People don’t pay attention unless it’s something they need to know

OK, I’m not a psychology professor. In fact I’ve never taken a psychology class in college. I was up in NYC a few weeks ago talking with a friend and we were talking about how about 90% of what we are talking about goes in one ear and out the other.

My takeaways come in two parts. The first is internally with people you work with. The second is for folks that carry a different business card than yours.

This will get people paying more attention to you.

In the Office

  1. Start and end on the same point: think of it like a super agenda. I start with what we need to do, and end with who’s doing what. Sometimes I’ll start with a question, and end with re-asking the question and reviewing the answer.
  2. Keep people on their toes, ask questions: College professor style. In my meetings at Livio, you better be ready. Sometimes I even pull a deke and look to one person, than fire a question to someone else.
  3. Require that everyone is ready to listen: At Livio, phones, and computer are not permitted in meetings unless you’re taking notes or updating live on the Google doc. Another great way to get people on board (and avoiding the dreaded mute button on conference calls) is to do video conferencing. When people are at the office, we have a NO EMAIL POLICY. We use Skype, and anything complicated is a face-to-face (F2F) conversation. Steve Jobs went as far as only putting in one bathroom per floor in the Pixar building to get people to bump into each other.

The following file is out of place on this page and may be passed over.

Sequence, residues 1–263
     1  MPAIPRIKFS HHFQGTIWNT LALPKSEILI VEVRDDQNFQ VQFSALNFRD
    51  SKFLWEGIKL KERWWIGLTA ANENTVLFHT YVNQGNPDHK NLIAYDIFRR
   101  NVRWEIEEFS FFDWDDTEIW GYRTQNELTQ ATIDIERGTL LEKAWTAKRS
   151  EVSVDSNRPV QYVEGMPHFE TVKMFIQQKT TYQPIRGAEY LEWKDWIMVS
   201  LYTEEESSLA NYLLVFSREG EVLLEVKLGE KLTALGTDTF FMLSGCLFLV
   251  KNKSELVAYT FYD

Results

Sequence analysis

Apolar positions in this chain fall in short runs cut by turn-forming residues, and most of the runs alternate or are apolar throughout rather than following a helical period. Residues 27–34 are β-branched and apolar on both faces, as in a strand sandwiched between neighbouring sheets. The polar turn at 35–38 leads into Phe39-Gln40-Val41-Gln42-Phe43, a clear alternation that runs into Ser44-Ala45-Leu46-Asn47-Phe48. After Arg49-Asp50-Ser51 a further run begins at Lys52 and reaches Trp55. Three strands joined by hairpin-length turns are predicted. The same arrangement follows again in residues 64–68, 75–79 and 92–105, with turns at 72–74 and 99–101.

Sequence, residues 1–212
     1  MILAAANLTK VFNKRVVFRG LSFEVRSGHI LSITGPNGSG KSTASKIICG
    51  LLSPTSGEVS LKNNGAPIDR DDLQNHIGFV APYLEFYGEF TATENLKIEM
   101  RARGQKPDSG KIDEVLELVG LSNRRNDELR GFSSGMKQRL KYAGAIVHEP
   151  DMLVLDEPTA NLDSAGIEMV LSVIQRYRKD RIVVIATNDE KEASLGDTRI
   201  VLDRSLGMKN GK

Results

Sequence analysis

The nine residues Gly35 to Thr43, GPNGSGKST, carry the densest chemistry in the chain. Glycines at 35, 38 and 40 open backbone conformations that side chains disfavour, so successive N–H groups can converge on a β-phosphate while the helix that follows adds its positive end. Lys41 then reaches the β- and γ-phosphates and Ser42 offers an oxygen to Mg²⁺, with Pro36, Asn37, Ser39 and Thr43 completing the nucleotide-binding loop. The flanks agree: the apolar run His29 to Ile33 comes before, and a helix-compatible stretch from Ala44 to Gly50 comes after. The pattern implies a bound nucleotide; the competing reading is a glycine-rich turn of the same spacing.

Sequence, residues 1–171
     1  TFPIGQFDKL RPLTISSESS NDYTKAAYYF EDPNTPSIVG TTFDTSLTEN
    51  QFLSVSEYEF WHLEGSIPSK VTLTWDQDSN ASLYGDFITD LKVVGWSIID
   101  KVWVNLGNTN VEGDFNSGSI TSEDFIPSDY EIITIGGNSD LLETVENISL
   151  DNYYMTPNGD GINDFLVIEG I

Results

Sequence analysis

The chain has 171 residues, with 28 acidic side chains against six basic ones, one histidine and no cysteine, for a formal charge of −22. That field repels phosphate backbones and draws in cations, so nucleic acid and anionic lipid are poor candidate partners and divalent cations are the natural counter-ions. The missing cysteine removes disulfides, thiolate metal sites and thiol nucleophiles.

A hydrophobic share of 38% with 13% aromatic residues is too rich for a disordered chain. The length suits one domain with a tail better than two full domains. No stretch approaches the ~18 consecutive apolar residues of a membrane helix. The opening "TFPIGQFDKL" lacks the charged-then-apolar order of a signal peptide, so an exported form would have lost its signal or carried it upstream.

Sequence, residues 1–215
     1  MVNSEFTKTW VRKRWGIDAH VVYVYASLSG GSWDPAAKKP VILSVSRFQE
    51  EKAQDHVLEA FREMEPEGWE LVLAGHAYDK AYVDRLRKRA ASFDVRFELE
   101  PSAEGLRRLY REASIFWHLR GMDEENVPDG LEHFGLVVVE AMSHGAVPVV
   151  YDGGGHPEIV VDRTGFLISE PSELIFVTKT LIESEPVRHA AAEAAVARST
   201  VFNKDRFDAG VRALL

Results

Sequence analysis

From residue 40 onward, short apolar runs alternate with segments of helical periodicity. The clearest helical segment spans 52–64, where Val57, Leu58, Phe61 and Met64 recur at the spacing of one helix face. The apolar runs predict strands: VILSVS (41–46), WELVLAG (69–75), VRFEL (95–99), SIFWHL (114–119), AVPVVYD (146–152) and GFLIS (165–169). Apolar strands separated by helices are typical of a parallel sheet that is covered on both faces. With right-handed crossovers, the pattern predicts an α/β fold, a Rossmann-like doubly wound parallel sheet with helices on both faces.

Out of Office

  1. Listen twice, talk once: The hardest time I have with this rule is with investors. I was on the phone (recently) with my largest and first investor. I basically lectured his ear off with updates and why we are the best of the best. I got cut off and was point blank asked: “Did anyone ever tell you that you talk too much and don’t let anyone else speak…” I felt like crying. He was right.
  2. Tell a story: In the office, people know who you are and usually know what you are talking about and (are paid to) have an interest in the conversation. Outside the office, I rarely the backgrounds of who I’m speaking to when I show up for a meeting. Usually title and name is as much prep as I can get. LinkdedIN-creeping and Googling isn’t always enough to really knowing your audience. I start off with a story about our customer. Most times I let a video do the talking for me, and relate back to the story throughout my discussion. I have never had anyone in a meeting whip out his or her phone and check emails while I was in the middle of a “story.”
  3. 3×3=1, 10×1=0: Learned this in a Delphi paid media training class from some New Yorkers. Say three things three times, and the person will at least remember one thing. Say ten things one time each, the person listening remembers ZERO. Just watch out that you’re not too polished. I’ve been caught sounding like a total sales idiot doing this. It’s a skill to balance clear messaging without sounding like a broken record.